Keywords: Espionage, Entry deterrence, Asymmetric information, Pooling equilibria.
    JEL: C72 D82 L10 L12
    Date: 2014–11
  24. By: Gehringer, Agnieszka; Prettner, Klaus
    Abstract: We analyze the impact of increasing longevity on technological progress within an R&D-based endogenous growth framework and test the model's implications on OECD data from 1960 to 2011. The central hypothesis derived in the theoretical part is that - by raising the incentives of households to invest in physical capital and in R&D - decreasing mortality positively impacts upon technological progress and thereby also on productivity growth. The empirical results clearly confirm the theoretical prediction which implies that the ongoing demographic changes in industrialized economies are not necessarily detrimental to economic prosperity, at least as far as technological progress and productivity growth are concerned.
    Keywords: Demographic Change,Longevity,Productivity,Technological Progress,Economic Prosperity
    JEL: J11 O11 O40 O41
    Date: 2014
  25. By: Joshua Gans; Fiona Murray
    Abstract: Formal attribution provides a means of recognizing scientific contributions as well as allocating scientific credit. This paper examines the processes by which attribution arises and its interaction with market assessments of the relative contributions of members of scientific teams and communities – a topic of interest organizational economics of science and in understanding scientific labor markets. We demonstrate that a pioneer or senior scientist’s decision to co-author with a follower or junior scientist depends critically on market attributions as well as the timing of the co-authoring decision. This results in multiple equilibrium outcomes each with different implications for expected quality of research projects. However, we demonstrate that the Pareto efficient organisational regime is for the follower researcher to be granted co-authorship contingent on their own performance without any earlier pre-commitment to formal attribution. We then compare this with the alternative for the pioneer of publishing their contribution and being rewarded through citations to back to it. While in some equilibria (especially where co-authoring commitments are possible) there is no advantage to interim publication, in others this can increase expected research quality.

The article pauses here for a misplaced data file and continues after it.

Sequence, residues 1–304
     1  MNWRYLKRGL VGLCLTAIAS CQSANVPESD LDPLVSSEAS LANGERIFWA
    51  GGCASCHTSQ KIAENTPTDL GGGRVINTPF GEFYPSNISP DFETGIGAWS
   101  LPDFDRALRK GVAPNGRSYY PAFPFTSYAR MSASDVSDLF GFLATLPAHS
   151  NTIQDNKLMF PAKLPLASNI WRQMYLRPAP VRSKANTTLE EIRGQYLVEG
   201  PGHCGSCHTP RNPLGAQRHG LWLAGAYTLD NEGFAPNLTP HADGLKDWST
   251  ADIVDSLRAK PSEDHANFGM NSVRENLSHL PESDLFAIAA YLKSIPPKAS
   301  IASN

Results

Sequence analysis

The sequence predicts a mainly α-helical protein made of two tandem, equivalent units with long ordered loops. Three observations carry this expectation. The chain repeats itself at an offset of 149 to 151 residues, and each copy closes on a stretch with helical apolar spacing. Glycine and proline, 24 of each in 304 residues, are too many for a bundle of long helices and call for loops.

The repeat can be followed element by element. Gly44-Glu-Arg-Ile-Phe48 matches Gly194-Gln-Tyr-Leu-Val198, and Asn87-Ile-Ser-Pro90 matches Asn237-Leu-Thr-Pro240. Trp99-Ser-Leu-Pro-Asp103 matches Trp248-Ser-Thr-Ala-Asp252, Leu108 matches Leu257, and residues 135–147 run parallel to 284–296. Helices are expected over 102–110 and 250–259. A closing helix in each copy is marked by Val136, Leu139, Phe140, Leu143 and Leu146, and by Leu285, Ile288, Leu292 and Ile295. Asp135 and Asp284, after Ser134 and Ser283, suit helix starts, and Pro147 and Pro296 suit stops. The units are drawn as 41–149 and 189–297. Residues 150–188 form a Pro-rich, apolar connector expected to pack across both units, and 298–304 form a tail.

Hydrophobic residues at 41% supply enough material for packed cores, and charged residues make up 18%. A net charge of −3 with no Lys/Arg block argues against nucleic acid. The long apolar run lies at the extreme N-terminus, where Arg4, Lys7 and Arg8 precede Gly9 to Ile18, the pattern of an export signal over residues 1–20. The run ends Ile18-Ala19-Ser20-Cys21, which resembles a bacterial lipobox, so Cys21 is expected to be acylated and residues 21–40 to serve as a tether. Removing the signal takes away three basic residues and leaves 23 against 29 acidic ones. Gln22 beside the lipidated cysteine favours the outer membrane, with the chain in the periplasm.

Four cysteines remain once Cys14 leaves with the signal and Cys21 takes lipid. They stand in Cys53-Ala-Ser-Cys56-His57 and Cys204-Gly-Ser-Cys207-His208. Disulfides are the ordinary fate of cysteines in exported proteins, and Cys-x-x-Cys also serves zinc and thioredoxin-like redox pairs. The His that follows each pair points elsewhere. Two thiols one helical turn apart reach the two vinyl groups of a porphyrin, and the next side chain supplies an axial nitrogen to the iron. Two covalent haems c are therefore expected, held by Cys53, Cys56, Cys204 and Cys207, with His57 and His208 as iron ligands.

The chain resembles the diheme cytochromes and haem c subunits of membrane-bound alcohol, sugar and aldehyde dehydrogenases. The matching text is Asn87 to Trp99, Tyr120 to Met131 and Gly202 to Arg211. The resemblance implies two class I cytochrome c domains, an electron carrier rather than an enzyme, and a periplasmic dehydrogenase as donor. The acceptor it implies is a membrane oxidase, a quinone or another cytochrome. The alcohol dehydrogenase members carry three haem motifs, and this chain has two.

JEL: O31 O34
    Date: 2014–11
  26. By: Rémy Herrera (CES - Centre d'économie de la Sorbonne - CNRS : UMR8174 - Université Paris I - Panthéon-Sorbonne)
    Abstract: Cet article est consacré aux liaisons entre luxe et innovations dans le cadre d'une économie socialiste. Le cas des Habanos, cigares cubains haut de gamme, tout à fait singulier, en fournit l'application. Après une analyse des tendances majeures du secteur du tabac en général et du tabac de grand luxe en particulier, dans le cas de Cuba, en première partie, l'accent est placé, dans une seconde partie, sur la coexistence de méthodes traditionnelles et des diverses formes d'innovations dans ce secteur. Ces innovations peuvent être d'ordre scientifique et technologique, ou bien liées aux processus de production ou aux produits.
    Keywords: Luxe; innovations; socialisme; cigares; Cuba
    Date: 2013–04
  27. By: Welter, Friederike; May-Strobl, Eva; Schlömer-Laufen, Nadine; Kranzusch, Peter; Ettl, Kerstin
    Abstract: Demografischer Wandel, Globalisierung, Rohstoffknappheit, Klimawandel sowie eine sich beschleunigende technologische Entwicklung stellen die mittelständische Wirtschaft vor (neue) Herausforderungen. Eine Identifikation und Bewertung aktuell anstehender und zukünftiger Herausforderungen wurde mithilfe des neu aufgelegten Zukunftspanels Mittelstand, einer internetbasierten Expertenbefragung aus Mittelstandspolitik, Wirtschaft und Mittelstandsforschung, vorgenommen. In dieser ersten Runde des Zukunftspanels Mittelstand wurden 58 Themen identifiziert, die sich 8 Handlungsfeldern zuordnen lassen. Die Ergebnis-se helfen bei der Erarbeitung zukünftiger Schwerpunktthemen für die Mittelstandspolitik und Mittelstandsforschung.
    Abstract: Changing demographics, globalization, scarcity of resources, climate change and dynamic technology and innovation will affect small and medium sized enterprises in Germany (Mittelstand companies). In order to identify and evaluate actual challenges and upcoming topics an internet-based survey of experts which comprised representatives of politics, business and academia - the so called IfM Bonn Future Panel on SMEs - was conducted. In this first round of survey we found 58 topics which were attributed to 8 action fields. The findings will help to elaborate future key topics for SME policy makers and SME research.
    Keywords: Mittelstand,Mittelstandsforschung,Mittelstandspolitische Herausforderungen und Trends,SMEs,research on SMEs,challenges and upcoming topics for SMEs and SME politics in Germany
    JEL: L20 L26
    Date: 2014